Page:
Life in the Shadows: Illegal immigrants in St. Louis -

Life in the Shadows: Illegal immigrants in St. Louis

Our story about "Miguel" gives a voice to illegal immigrants, a mostly voiceless group of people in America.

Miguel first sneaked across the border about a decade ago. He worked as a mechanic, sending money home to his family in Mexico, eventually falling in love with a young American woman, and married her. They have no children. Miguel also violated the law by living in the country for more than a year without the proper paperwork.

Last year, he and his wife flew to Mexico to attend his father's funeral. Since he had no passport, Miguel once again decided to pay an escort, or "coyote," to help smuggle him into Arizona. After climbing the border wall and wandering for three days in the desert Miguel, and the other illegal immigrants with him, were robbed at gunpoint by a gang. Two days later, he surrendered to border agents and was put in jail, charged with immigration violations. Now, he faces likely deportation within a few months. 

Miguel and his wife "Susan" admit he broke the law and that he should pay a price, but they argue that convicted killers and rapists are often given parole, why not a non-violent offender like Miguel?

Obviously, it's not that simple. It's unclear how hard Miguel worked to get the proper paperwork before he sneaked into the country a decade ago. It's crystal clear that he violated the law and that he knew it because he sneaked into the country. Although he loves his wife, has paid his income taxes, and now has a legal tax ID number with the IRS, he still must be held accountable for his actions.

Miguel's attorney is trying to convince the prosecutor that her client deserves to be an exception to the rule of law based partly on his otherwise spotless record, the fact that he's married to an American who is the primary caregiver for her disabled mother, and that he is paying his taxes unlike many undocumented workers. But it seems unlikely he'll win that arguement.The most likely outcome is that Miguel will be back in Mexico by the end of the summer.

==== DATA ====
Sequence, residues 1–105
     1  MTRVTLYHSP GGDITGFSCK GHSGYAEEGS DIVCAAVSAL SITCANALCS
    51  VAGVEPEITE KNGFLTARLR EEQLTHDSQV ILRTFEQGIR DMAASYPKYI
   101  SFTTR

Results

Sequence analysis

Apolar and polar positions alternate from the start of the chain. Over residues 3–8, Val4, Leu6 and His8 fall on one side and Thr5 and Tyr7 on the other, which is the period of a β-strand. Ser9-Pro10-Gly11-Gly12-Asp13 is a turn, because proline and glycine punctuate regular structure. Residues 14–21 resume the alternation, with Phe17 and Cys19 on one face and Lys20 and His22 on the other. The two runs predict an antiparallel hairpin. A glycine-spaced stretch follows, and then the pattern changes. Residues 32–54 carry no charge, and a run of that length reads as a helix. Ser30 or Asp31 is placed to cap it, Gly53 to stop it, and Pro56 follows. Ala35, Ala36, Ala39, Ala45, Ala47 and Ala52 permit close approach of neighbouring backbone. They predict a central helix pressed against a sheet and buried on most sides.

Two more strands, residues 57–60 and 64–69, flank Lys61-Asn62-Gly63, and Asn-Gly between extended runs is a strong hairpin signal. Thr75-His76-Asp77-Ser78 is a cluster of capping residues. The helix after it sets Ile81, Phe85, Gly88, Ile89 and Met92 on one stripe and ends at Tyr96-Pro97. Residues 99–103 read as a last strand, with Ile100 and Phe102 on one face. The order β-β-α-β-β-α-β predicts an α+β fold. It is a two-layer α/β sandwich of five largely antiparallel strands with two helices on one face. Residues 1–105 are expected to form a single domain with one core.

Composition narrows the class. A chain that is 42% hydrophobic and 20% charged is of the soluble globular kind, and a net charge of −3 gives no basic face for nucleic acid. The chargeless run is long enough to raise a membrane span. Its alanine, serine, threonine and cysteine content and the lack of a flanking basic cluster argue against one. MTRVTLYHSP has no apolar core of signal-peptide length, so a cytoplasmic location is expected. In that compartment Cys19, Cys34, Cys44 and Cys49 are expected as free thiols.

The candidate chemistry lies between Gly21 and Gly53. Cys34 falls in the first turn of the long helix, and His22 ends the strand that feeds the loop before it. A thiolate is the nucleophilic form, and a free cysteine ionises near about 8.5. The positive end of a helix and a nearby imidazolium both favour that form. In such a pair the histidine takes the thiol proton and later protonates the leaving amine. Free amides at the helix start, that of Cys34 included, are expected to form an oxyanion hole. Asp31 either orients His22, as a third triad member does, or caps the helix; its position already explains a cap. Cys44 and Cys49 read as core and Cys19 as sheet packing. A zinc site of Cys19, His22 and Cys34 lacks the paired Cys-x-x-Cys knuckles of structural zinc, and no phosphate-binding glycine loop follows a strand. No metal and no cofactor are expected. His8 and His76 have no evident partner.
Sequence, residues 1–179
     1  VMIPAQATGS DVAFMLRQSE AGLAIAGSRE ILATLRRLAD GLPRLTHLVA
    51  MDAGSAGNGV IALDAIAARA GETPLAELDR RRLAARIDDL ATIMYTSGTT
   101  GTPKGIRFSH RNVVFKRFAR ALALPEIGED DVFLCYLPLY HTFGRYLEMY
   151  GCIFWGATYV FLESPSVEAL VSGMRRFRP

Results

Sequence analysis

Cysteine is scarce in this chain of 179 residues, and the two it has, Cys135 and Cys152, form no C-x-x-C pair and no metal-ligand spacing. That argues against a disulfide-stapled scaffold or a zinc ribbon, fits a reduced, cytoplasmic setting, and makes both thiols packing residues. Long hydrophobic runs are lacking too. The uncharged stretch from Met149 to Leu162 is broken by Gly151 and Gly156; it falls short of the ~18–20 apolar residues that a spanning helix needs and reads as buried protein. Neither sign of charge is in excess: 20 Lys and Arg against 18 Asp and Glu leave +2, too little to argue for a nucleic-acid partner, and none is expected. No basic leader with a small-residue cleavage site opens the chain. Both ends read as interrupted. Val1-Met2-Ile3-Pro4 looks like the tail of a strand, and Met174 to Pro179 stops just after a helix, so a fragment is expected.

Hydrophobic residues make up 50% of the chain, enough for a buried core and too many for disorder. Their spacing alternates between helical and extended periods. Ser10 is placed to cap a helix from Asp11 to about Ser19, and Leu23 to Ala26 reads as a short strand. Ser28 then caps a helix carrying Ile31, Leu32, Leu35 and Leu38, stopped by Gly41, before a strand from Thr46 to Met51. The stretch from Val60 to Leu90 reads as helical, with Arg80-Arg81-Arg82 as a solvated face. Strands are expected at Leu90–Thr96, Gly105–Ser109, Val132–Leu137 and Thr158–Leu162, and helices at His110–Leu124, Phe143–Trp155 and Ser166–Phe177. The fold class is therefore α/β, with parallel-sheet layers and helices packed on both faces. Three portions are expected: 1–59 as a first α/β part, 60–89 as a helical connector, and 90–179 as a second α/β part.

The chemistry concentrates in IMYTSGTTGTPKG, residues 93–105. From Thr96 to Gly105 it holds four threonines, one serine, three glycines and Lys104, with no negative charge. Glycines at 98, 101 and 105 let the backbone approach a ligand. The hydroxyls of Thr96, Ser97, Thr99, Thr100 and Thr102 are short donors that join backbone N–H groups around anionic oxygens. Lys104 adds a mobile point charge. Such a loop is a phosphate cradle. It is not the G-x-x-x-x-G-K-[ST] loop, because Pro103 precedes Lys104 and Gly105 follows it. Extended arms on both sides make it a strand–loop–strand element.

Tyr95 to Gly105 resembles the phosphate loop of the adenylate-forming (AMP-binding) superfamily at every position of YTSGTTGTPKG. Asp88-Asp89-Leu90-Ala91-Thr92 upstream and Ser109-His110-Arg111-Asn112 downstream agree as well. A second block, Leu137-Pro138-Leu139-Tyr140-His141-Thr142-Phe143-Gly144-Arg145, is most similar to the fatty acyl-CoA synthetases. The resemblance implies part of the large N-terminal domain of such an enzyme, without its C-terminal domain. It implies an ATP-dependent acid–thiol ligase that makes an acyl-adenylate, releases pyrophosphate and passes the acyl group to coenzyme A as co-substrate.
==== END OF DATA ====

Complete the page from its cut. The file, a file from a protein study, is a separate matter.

I understand why Miguel chose to slip into our country and I admire his devotion to his family. Although I believe in a much more secure southern border, and stronger enforcement of our immigration laws, I also feel empathy for people who are so desperate for a better life that they will risk their lives to get a minimum wage job in the United States.

It's clear that many of our viewers not only resent Miguel and his wife, but also me for reporting this story, and protecting their identities. I strongly believe that Miguel's story is well worth the time we gave it, both off and on the air. I want to have a deeper and wider understanding of immigration, which is one of the most important issues facing our country. If we ignore the voices of the roughly eleven million illegal immigrants in America, we fail to address a significant part of this issue.

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